Somm 3 is the latest installment in the documentary series that explores the wild world of sommeliers. It focuses on wine industry veterans like Fred Dame, Jancis Robinson and Steven Spurrier, as well as the next generation of primarily New York-based influencers that include Aldo Sohm, Laura Fiorvanti (nee Maniec), Pascaline Lepeltier and Sabato Sagaria.
Amidst the biographical segments and arguments over the merits of blind tasting, the film’s narrative tension concerns tastings inspired by the 1976 Judgment of Paris. That famous blind tasting, in which California wines outshined their French counterparts, set the stage for the modern wine universe. This time, however, Pinot Noir is the wine in question, rather than Chardonnay and Cabernet Sauvignon.
The two separate tastings of six Pinots from acclaimed producers from around the world includes the 2014 Bloom’s Field bottling by Domaine de la Côte. Some of the judges consider it on par with, if not more “Burgundian,” than two celebrated wines from Burgundy.
Domaine de la Côte is owned by superstar sommelier-turned-winemaker Rajat Parr, who sources grapes from his estate in the Sta. Rita Hills of Santa Barbara County. When not in the vineyards, he’s been writing his second book, The Sommelier’s Atlas of Taste: A Field Guide to the Great Wines of Europe (Ten Speed Press, 2018), with co-author Jordan Mackay.
Parr sat down with Wine Enthusiast to discuss how he got into winemaking and why he chose Santa Barbara County.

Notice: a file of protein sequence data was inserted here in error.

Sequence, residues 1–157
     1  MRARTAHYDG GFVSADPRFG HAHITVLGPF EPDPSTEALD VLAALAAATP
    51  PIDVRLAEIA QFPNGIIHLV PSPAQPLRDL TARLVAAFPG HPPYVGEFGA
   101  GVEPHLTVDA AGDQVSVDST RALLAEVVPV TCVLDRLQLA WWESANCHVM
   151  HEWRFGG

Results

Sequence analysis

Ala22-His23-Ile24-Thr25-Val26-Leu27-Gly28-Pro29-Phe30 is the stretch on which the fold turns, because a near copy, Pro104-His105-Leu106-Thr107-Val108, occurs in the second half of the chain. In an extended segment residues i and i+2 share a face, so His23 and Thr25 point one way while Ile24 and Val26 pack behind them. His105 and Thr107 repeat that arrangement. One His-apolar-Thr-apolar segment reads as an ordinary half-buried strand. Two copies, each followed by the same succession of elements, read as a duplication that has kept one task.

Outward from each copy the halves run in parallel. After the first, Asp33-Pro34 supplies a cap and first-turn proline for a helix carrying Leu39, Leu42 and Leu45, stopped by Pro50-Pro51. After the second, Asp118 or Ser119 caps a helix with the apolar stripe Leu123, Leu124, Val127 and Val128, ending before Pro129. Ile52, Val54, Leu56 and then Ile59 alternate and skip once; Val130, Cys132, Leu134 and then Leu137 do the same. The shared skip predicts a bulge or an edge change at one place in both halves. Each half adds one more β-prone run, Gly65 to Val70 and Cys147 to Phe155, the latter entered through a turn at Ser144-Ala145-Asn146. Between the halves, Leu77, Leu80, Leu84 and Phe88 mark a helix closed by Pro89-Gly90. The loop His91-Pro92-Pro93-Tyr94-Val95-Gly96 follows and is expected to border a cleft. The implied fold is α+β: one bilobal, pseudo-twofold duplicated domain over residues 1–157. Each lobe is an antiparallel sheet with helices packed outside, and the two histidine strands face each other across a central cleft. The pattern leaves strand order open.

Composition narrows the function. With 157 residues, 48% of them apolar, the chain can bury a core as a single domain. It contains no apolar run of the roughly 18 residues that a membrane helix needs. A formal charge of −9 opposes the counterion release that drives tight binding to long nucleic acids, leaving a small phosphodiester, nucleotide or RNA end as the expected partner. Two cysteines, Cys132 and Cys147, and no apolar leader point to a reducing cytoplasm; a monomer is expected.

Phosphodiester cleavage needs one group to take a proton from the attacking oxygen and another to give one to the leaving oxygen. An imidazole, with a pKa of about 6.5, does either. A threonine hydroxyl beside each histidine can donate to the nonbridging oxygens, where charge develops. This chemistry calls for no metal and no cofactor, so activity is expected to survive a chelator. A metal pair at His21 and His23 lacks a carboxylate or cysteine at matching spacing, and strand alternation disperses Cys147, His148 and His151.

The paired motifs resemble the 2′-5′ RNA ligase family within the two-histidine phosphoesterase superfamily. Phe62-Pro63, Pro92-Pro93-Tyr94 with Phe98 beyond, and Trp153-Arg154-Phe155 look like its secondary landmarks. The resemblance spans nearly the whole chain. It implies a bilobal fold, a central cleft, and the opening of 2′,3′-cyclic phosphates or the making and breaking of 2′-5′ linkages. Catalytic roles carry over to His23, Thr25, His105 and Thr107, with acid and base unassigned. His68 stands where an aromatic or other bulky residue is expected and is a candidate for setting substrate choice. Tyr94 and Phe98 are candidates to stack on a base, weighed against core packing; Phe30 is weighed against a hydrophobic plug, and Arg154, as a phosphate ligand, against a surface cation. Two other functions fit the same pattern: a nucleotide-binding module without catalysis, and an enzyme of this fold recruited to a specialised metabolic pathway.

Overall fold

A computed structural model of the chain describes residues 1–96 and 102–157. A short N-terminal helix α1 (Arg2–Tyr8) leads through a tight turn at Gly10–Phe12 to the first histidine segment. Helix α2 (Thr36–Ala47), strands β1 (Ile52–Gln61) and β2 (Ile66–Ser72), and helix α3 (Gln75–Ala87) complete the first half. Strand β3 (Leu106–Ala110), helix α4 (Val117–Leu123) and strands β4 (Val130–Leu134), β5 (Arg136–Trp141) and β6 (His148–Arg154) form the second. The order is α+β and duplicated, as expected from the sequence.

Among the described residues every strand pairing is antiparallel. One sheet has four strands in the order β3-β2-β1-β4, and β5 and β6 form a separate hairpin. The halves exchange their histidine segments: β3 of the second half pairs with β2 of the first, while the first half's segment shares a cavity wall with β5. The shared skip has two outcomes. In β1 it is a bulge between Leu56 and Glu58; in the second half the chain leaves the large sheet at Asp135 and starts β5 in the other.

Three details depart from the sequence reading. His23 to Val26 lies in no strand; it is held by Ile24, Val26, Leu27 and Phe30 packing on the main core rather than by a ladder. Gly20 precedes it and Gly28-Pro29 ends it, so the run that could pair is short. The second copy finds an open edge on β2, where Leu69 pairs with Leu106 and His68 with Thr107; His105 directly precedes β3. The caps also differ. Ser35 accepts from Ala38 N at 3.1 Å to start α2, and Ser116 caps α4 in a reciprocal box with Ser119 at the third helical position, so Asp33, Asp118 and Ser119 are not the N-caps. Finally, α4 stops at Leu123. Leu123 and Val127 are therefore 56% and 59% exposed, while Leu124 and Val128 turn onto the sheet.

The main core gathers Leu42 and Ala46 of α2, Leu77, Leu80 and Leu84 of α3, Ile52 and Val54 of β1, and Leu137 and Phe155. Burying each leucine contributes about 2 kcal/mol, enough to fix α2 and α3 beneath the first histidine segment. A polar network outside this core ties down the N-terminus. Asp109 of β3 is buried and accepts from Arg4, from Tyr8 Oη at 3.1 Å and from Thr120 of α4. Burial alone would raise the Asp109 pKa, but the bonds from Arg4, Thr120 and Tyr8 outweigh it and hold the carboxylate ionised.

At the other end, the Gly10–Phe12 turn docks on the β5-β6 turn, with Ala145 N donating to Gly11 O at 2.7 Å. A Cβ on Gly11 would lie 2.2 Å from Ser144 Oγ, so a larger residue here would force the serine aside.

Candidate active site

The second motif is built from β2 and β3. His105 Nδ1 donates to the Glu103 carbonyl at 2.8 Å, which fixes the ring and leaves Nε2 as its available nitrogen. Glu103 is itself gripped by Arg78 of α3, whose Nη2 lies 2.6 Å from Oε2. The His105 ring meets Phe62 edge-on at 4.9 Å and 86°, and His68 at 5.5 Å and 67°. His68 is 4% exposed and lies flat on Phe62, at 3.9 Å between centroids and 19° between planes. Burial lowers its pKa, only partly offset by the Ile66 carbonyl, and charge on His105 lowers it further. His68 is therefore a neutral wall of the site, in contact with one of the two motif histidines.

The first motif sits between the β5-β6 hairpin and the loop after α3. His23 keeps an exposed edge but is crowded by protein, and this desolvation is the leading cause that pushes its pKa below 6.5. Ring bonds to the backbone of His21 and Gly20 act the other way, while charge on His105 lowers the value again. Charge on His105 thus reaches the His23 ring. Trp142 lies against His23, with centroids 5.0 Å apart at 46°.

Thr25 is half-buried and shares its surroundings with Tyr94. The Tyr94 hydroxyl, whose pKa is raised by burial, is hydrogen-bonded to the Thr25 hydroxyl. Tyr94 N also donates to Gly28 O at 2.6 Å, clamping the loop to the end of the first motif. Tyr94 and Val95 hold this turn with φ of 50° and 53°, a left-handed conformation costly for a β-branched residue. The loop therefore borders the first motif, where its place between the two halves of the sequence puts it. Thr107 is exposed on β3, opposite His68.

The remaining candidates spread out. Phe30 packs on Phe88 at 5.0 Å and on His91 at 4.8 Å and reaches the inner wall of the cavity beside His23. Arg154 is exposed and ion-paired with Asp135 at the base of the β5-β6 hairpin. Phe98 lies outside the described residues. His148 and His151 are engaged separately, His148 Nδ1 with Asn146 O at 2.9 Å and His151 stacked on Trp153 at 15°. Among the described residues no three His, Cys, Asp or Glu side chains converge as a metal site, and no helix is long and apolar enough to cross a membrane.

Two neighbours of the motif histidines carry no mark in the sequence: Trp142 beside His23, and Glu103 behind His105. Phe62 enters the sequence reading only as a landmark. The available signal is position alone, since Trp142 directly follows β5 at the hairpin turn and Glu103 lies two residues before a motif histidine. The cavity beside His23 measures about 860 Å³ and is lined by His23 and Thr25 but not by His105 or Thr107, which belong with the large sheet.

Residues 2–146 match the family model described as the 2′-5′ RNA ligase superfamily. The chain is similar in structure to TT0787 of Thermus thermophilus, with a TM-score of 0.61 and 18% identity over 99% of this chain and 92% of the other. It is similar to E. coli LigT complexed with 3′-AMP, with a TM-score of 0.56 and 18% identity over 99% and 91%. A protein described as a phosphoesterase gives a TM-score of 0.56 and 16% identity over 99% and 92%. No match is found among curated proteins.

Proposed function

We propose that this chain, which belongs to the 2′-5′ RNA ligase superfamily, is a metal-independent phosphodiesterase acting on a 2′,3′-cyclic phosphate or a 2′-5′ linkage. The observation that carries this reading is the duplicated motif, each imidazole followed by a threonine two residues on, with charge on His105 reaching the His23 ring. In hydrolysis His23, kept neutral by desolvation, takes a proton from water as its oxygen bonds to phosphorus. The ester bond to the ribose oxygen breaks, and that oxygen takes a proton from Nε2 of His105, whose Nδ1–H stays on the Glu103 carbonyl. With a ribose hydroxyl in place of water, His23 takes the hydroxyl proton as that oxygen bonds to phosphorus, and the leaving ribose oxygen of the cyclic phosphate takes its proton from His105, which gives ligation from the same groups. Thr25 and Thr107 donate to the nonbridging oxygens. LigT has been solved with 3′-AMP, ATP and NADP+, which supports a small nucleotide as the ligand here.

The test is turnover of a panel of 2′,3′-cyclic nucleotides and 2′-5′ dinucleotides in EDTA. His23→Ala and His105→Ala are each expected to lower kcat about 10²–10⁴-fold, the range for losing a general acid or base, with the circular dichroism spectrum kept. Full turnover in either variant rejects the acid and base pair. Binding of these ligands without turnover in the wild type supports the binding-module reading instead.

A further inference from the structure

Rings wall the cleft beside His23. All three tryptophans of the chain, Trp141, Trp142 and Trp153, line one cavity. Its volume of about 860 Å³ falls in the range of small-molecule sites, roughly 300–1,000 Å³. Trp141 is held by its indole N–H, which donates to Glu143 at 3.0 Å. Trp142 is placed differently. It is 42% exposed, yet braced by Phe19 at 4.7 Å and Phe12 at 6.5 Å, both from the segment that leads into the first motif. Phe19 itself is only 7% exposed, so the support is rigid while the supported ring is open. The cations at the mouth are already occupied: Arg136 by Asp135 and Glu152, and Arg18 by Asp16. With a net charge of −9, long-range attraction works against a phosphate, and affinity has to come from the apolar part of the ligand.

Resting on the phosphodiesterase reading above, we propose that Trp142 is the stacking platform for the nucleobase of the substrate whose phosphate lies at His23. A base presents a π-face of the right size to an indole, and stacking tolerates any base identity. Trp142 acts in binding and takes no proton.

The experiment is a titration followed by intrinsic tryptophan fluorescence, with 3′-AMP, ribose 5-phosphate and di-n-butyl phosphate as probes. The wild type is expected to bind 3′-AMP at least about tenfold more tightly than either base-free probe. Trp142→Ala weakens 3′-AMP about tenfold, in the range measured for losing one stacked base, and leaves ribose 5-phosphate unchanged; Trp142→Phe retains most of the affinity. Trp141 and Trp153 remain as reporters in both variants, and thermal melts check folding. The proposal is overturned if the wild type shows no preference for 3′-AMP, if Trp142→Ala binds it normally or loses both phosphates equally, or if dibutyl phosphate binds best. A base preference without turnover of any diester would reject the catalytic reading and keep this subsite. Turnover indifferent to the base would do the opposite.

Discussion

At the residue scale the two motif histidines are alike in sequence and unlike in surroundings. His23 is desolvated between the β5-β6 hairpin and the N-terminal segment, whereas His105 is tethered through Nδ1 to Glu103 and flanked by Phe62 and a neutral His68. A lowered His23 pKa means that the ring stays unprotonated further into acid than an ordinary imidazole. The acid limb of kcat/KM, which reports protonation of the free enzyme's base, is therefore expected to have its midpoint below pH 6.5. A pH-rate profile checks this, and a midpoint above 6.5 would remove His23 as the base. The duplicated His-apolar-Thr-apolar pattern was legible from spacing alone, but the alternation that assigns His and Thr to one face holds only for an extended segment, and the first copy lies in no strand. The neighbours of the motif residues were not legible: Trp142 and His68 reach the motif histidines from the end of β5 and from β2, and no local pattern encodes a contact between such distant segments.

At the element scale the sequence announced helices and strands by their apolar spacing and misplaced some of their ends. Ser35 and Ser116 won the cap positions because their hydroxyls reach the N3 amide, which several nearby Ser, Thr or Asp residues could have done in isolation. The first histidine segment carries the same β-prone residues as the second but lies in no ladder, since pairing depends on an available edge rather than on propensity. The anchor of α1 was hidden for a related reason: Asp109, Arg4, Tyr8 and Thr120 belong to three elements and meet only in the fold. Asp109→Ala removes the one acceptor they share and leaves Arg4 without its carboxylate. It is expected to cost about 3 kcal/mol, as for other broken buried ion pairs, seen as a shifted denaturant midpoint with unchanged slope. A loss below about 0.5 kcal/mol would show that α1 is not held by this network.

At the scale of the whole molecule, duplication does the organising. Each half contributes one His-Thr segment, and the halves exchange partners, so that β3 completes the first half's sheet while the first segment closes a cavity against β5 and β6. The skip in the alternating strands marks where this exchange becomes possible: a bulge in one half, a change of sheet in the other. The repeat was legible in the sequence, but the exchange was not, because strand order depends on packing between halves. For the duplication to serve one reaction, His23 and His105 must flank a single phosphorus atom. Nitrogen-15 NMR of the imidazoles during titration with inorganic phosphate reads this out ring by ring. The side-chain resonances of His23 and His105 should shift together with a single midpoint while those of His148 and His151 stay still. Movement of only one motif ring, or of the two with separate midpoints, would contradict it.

Tell me about your background.
I’m from Kolkata . My family had a restaurant in India, and I was interested in being a chef. In 1994, I moved to New York to attend the Culinary Institute of America in Hyde Park. I had tasted wine before in England with my uncle, but then I had some wines in college, and was like, “This is amazing.” I started studying and tasting, and then did really well in the required wine class. I decided that I wanted to learn more about wine.
This was 1996 and, in those days, the only way to learn was to work in a restaurant with a wine program. So, I moved to San Francisco to work at Rubicon with Larry Stone and was there for three years.
At another restaurant, Fifth Floor, I met Michael Mina. I still work with him in some ways, assisting in some projects, and overseeing their wine list at their flagship restaurant in San Francisco.
What happened to the cooking?
That was the end of my cooking career. I didn’t even really take classes. I did little gigs here and there, but I was in no serious cooking positions. Cooking is still a hobby and love of mine.
When did winemaking start?
In 2004, I decided to learn more about viticulture and winemaking. My first wine was a Sanford & Benedict Chardonnay with Jim Clendenen [of Au Bon Climat] and Purisima Mountain Syrah with Steve Beckmen.
I met Sashi [Moorman] around that year when he was a winemaker for Evening Land Vineyards’ California labels. I began to make wine with him three years later, and also [started to consult] for Evening Land. That’s how we got together on the vineyard [that would become Domaine de la Côte] and start the planting process.
At that time, Evening Land owned the vineyard at Domaine de la Côte. After a few changes in the ownership, the guy who owned the winery said, ‘Why don’t Sashi and you take it over?’ He knew how much we loved that vineyard.
Sashi and I went all-in to create Domaine de la Côte in the same vineyard we had helped in planting. We took it over in 2011, and we started making some changes. Since the vineyard had been planted in 2007, this year was the 10th harvest.
You were a world-famous sommelier at that point and could have picked anywhere to make wine. Why Santa Barbara?
After tasting old Au Bon Climat wines, I was like, “Oh, wow.” The vineyard that attracted me was Sanford & Benedict. I’ve been making wine with fruit from that vineyard since 2004.